Four: psychiatric medications are top-selling drugs in America. According to IMS Health Abilify, an antipsychotic, is the highest selling drug in the United States in 2014. The American Medical Association and the Pharmaceutical Research and Manufacturers of America are among the top ten lobbies in the country. The USA and New Zealand are the only two countries in the world that allow direct-to-consumer advertising of prescription medication. Ask yourself: why do I “know” that psychiatric illnesses are lifetime diseases caused by a chemical imbalance for which a lifetime regimen of medication is necessary, when there is in fact not a jot of evidence for it?
Six, and most importantly: we are doing away with pain. Human pain. Sorrow. Grief. Inner lacerations. Confusion. Loss. Thought distortions that result from the mind’s attempt to adapt to intolerable circumstances. We are doing away with all that. It’s a disease. It’s an illness. Take your meds. (Notice how regularly we use the word “brain” when we really mean to use the word “mind.” “Brain” has become the default terms for the locus of one’s thoughts and feelings. We no longer talk to people: we do brain scans.)
I am not sure what we all mean when we talk about depression. There are some feelings or mind-states we describes as if their commonality between all human beings were understood: love, grief, sadness, jealousy, envy. Depression. But all of these feel so dramatically different to each one of us. Just ask someone to tell you why they love someone else. Allow them to get to the nub of it. Give them time. What they tell you might surprise you. If they manage to come up with anything at all.
So: depression. Depression is a catch-all term for all sorts of different feelings and mind-states. Depression can be profound sadness; loss of meaning; not wanting to live; feeling too much; feeling too little; not being able to get out of bed; not being able to sleep; being unable to eat; eating too much; not being able to move; exercising compulsively. How do we catch in one word the mystery of human pain? How do we dare?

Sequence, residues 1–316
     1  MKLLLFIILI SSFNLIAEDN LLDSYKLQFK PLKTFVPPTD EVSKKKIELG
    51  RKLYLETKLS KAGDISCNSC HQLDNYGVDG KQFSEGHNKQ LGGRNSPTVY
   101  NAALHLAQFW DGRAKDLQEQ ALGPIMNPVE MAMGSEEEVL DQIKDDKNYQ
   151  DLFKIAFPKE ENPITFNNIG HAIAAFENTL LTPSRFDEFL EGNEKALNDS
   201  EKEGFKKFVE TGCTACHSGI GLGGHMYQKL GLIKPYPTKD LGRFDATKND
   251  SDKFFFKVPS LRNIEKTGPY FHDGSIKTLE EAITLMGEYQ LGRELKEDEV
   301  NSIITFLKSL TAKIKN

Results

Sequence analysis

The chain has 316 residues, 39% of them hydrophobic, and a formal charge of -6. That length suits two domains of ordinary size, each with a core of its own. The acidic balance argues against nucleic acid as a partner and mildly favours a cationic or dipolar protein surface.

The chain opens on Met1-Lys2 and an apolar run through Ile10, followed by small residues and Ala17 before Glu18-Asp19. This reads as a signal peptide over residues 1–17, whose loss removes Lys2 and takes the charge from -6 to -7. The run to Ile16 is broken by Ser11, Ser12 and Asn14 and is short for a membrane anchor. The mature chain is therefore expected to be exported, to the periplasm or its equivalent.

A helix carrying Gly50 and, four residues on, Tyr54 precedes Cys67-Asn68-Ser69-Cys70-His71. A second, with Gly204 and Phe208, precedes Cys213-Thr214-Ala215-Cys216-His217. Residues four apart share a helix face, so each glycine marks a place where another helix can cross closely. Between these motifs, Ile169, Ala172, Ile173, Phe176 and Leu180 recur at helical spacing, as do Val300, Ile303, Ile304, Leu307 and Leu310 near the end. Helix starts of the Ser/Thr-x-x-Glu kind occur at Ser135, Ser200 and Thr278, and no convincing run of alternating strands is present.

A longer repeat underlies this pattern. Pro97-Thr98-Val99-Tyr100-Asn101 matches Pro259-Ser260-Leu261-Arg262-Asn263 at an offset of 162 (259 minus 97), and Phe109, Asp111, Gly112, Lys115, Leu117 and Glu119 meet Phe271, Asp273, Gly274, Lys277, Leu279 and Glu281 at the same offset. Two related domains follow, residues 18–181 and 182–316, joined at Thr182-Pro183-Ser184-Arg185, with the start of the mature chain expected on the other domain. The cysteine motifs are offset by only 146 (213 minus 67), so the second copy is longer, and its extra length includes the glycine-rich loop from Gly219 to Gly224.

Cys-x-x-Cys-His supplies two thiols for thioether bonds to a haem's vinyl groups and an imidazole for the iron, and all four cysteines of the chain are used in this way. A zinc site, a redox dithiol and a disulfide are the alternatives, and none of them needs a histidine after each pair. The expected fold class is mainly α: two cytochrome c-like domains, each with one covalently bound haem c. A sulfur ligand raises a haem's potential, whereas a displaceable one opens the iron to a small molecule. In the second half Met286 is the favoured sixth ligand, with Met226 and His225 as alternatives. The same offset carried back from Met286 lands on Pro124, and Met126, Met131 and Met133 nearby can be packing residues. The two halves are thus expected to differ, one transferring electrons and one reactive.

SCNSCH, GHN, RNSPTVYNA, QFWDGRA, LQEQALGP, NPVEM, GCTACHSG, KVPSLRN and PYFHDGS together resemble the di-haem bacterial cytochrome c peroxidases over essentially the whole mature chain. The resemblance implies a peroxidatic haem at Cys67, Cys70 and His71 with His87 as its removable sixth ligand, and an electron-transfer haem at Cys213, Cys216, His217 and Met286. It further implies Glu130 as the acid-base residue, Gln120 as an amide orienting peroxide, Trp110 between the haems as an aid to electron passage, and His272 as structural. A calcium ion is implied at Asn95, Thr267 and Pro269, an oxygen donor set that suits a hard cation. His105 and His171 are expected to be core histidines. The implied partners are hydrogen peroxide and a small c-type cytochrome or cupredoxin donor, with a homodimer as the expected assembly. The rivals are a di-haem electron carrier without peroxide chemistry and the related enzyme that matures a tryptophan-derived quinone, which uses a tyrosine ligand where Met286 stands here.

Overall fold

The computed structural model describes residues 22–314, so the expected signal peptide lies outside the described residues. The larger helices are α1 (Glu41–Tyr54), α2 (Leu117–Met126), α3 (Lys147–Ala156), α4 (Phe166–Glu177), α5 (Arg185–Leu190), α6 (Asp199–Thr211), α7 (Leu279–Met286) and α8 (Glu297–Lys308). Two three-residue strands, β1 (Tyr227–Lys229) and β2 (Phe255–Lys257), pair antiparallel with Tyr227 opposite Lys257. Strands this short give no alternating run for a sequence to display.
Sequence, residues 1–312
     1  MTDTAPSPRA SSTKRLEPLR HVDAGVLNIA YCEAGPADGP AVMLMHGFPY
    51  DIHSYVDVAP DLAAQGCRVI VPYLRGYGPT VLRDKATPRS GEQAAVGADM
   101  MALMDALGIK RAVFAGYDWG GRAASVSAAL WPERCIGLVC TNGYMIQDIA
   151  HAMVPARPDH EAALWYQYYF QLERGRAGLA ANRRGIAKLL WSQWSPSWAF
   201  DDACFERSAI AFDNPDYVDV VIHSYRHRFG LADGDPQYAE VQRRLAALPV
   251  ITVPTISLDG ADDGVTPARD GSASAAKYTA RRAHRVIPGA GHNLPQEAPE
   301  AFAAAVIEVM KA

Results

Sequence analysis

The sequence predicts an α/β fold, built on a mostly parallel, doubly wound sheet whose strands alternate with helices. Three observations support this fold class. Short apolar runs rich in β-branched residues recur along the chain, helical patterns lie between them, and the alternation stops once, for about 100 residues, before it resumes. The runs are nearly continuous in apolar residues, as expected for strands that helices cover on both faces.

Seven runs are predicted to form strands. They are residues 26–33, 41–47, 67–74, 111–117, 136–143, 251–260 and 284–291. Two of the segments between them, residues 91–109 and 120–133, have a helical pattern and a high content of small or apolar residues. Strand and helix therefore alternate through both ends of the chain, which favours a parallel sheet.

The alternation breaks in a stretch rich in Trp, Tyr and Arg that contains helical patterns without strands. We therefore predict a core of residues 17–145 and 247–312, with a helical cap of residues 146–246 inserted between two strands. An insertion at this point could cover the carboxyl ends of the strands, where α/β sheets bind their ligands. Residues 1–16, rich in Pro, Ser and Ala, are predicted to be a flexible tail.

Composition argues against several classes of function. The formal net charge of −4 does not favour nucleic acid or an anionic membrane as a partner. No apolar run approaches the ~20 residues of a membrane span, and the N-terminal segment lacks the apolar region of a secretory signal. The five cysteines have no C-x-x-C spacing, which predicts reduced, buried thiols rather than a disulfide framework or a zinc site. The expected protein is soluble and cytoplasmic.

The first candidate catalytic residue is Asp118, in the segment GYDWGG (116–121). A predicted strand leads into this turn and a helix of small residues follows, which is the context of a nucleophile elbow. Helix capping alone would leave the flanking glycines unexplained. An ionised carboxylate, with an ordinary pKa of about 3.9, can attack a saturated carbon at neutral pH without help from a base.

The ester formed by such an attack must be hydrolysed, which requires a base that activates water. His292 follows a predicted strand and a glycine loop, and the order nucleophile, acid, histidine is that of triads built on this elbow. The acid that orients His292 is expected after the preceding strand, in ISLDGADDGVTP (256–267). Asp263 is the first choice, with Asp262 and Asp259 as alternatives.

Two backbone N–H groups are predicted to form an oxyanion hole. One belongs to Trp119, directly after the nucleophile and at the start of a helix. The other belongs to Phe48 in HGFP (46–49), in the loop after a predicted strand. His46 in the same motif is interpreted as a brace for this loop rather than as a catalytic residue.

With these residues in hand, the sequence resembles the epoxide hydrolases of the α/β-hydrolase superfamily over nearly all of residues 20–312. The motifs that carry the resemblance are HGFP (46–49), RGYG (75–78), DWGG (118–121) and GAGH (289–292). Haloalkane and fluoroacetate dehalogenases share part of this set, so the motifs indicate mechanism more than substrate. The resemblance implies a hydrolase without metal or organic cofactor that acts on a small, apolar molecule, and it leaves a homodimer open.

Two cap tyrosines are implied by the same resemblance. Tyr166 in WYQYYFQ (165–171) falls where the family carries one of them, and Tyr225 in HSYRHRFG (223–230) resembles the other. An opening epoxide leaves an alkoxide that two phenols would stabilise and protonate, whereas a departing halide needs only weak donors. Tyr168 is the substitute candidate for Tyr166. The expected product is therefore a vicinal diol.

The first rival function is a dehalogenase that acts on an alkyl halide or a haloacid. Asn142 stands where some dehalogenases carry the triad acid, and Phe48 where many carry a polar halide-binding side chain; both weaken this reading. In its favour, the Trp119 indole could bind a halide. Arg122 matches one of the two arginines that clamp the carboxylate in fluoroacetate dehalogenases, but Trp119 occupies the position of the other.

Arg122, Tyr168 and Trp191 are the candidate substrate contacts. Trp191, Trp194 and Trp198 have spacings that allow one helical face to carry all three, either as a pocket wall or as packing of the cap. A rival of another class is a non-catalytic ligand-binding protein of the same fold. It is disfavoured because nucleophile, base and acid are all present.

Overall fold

And how do we dare offer clear and final solutions, as if what works for me should automatically work for you?
Why not, instead, listen? Pace the American Medical Association, pain doesn’t sprout in the brain like a fungus, like a virus, like a metabolic disorder. Pain has a history. Our entire culture is hell-bent on making us deny the existence of this history. Don’t over-analyze. Don’t blame. It’s no one’s fault. Nothing happened. I wasn’t raped/abused/maimed/bombed/starved. I’m okay. Stay positive. Don’t go down that path. Think happy thoughts. Go out and take a walk.*
Listening is a scarce commodity. We are all in a hurry. People drown in sorrow but there is no time. I’m not blaming anyone except a culture that is designed to keep us apart. And policy. The cuts to mental health. Imagine a society in which, when life becomes really, really bad, really, really intolerable, you are guaranteed a nice bed in a nice room, paid leave from work, reliable social services to take care of your family’s needs, a professional who’ll sit down and talk to you while you rest and catch your breath and grieve whatever it is you need to grieve. Imagine a society in which long-term, respectful, listening therapy is available and affordable, and professionals of all stripes (we don’t all have the same needs) can sit down with you for as long as you need, without driving you to bankruptcy.
There are countries where this happens. No, seriously. All of it. Including substitutes for your job. Paid substitutes taken from a pool, while you go on paid sick leave. Countries in which the presence of subs is taken for granted so no one complains (no more than that regular complaining that characterizes us as human). Countries in which getting sick or feeling too sad to work is considered as much part of the human experience as being well and ready to take on the world.